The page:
Italy’s Futurists, a 1930s movement celebrating all things mechanical and modern (including fascism), were fiercely opposed to pasta, says Josh Mcloughlin in Engelsberg Ideas. At a dinner in Milan in 1930, which served such forward-thinking dishes as “ice cream on the moon” and “roast lamb in lion sauce”, Futurism’s founder Filippo Tommaso Marinetti declared: “Futurist cooking will be free of the old obsession with volume and weight and will have as one of its principles the abolition of pasta.” The Manifesto of Futurist Cooking, published the following month, labelled pasta “an absurd Italian gastronomic religion”.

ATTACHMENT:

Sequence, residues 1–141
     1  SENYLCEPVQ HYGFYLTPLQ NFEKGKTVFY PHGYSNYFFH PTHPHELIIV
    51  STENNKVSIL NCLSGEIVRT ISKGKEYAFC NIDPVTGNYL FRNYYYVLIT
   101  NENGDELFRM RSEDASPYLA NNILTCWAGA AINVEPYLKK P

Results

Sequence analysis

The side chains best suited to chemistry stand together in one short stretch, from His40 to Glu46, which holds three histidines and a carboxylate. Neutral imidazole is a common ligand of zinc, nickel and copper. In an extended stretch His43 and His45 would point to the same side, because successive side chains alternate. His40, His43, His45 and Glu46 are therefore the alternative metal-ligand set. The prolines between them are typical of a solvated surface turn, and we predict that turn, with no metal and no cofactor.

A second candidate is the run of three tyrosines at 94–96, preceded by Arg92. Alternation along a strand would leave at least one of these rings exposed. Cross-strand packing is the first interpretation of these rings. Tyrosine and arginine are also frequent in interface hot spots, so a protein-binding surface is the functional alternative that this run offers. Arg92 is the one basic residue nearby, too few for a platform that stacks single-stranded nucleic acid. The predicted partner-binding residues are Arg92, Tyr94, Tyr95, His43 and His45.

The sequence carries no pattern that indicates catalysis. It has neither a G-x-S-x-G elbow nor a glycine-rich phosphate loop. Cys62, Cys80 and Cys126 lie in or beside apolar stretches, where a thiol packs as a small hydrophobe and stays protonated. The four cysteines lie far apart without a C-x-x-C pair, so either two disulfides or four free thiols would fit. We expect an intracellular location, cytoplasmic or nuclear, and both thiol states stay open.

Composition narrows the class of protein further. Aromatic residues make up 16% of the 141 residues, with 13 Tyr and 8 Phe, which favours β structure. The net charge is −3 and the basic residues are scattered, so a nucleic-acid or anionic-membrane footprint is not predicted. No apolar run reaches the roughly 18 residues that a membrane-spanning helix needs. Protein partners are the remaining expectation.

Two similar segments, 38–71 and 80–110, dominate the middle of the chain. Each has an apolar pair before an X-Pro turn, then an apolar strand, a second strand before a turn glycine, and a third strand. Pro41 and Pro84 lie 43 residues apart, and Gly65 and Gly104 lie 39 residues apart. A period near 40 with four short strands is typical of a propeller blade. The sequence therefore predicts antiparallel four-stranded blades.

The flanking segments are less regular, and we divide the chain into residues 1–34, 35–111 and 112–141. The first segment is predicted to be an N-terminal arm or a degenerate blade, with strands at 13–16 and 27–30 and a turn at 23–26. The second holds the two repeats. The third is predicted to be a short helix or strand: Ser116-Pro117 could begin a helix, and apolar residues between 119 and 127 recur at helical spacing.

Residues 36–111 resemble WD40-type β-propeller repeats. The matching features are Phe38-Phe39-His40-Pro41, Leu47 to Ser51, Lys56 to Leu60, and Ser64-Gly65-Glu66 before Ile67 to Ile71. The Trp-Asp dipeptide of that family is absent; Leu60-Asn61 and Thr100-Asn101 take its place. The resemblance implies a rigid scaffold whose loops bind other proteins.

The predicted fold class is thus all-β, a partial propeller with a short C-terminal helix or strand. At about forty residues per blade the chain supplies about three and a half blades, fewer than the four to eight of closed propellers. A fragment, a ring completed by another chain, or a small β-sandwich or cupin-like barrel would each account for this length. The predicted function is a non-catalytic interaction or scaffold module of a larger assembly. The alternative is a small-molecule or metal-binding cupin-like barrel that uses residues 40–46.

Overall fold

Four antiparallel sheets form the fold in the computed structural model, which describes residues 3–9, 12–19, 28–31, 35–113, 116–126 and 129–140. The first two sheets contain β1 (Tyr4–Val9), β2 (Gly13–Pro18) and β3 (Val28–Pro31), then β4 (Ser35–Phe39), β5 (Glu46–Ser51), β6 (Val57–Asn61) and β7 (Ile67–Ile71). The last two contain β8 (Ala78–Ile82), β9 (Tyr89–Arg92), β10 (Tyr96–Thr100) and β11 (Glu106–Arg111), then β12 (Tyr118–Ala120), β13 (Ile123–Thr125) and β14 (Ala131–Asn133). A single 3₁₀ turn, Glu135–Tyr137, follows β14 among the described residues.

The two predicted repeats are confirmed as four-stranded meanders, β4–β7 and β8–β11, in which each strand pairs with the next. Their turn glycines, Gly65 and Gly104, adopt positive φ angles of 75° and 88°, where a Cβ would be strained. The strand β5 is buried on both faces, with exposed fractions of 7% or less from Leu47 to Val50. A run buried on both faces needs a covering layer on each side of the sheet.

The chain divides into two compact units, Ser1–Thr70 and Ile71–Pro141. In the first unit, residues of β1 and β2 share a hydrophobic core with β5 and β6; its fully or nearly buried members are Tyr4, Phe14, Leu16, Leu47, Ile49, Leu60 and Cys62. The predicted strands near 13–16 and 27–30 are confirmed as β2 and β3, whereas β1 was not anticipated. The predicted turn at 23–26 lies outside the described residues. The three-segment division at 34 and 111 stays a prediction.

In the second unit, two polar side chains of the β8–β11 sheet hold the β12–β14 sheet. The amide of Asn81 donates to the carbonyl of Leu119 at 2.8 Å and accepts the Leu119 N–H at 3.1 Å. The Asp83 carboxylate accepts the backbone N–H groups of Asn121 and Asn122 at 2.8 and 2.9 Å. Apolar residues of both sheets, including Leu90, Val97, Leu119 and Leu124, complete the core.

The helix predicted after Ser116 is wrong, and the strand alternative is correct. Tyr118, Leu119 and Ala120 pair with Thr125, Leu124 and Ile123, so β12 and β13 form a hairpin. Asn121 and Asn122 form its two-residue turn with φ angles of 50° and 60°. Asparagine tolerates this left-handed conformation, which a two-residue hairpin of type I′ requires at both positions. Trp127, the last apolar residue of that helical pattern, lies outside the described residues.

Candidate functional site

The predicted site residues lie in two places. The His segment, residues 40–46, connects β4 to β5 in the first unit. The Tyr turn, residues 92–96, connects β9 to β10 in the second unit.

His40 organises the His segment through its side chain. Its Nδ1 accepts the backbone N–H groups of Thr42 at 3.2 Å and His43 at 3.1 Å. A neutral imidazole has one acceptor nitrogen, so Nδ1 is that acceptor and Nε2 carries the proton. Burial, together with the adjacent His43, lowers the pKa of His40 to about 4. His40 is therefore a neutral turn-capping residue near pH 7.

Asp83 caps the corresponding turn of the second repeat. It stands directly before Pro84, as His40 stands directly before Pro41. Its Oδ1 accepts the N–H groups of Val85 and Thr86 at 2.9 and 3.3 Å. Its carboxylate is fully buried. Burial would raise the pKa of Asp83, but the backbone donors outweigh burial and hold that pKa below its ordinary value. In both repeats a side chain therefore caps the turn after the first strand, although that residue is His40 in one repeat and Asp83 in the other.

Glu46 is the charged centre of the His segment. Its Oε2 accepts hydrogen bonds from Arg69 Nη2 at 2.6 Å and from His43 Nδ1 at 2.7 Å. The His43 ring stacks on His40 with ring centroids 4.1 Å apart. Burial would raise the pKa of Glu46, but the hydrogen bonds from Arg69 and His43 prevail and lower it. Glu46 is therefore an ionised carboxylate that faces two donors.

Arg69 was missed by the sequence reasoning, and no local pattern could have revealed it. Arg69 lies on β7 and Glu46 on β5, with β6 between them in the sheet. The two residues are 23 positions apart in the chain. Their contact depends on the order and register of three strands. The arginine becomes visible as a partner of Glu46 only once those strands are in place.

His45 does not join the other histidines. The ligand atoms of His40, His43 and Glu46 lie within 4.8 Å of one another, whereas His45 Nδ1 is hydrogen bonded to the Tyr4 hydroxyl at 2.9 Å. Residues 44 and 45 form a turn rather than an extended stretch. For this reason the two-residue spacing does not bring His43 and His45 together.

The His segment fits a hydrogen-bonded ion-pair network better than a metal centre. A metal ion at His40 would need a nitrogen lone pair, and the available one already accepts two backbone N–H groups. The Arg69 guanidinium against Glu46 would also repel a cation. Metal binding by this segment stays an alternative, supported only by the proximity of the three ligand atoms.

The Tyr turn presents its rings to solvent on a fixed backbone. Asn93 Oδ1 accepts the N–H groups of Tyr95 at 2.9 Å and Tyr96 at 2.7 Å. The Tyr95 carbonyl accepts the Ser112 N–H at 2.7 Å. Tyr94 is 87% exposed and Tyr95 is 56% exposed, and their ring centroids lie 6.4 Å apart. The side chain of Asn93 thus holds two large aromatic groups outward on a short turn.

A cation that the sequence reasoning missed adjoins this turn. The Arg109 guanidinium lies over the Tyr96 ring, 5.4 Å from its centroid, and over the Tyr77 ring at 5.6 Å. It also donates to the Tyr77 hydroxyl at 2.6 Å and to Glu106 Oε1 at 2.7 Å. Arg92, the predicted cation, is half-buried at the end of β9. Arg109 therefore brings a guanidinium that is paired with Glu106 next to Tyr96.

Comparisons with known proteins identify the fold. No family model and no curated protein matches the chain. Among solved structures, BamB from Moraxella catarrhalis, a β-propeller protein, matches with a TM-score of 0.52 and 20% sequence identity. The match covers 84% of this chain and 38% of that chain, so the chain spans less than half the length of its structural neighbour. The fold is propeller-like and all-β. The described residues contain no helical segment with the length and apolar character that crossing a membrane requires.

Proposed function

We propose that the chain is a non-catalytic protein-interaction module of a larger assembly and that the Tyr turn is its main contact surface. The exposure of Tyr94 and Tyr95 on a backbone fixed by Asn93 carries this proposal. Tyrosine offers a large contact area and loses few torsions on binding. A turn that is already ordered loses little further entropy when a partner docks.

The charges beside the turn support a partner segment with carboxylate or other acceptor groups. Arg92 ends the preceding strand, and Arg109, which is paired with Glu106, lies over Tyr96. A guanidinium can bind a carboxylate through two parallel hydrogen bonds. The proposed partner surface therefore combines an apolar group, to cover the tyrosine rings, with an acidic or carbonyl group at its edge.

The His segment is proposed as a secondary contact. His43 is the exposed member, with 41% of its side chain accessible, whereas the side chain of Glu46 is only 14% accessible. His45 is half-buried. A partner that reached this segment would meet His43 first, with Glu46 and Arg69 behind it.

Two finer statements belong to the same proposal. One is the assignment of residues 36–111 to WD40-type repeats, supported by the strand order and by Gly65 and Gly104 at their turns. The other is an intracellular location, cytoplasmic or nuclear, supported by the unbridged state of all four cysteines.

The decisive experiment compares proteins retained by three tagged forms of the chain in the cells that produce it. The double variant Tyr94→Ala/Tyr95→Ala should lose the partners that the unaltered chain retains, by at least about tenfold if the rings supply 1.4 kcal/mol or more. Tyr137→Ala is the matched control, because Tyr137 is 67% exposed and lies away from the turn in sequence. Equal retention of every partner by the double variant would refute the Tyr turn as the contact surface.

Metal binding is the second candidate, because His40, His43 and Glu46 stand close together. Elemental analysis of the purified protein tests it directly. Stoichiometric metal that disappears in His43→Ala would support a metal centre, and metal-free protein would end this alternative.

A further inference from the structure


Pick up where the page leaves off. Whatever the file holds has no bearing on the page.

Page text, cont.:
Furious debate broke out across Italy. The Duke of Bovino, mayor of Naples, asserted that “the Angels in Paradise eat nothing but vermicelli al pomodoro” (pasta in tomato sauce). Other Neopolitans “protested violently in support of pasta”, and in San Francisco, “a riot sparked at an Italian restaurant caused several casualties”. But some people agreed with Marinetti. “Pasta is like our rhetoric,” wrote fascist theatre critic Marco Ramperti. “Only good for filling up our mouths.”